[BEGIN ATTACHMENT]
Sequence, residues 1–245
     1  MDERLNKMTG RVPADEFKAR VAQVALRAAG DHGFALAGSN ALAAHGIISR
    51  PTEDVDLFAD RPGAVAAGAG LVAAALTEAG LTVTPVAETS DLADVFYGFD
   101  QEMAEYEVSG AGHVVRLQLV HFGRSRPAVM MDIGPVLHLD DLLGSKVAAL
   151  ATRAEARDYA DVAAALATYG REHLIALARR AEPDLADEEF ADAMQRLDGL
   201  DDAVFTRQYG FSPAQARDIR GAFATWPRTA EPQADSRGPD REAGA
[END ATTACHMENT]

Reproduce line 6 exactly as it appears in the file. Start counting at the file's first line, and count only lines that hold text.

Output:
   201  DDAVFTRQYG FSPAQARDIR GAFATWPRTA EPQADSRGPD REAGA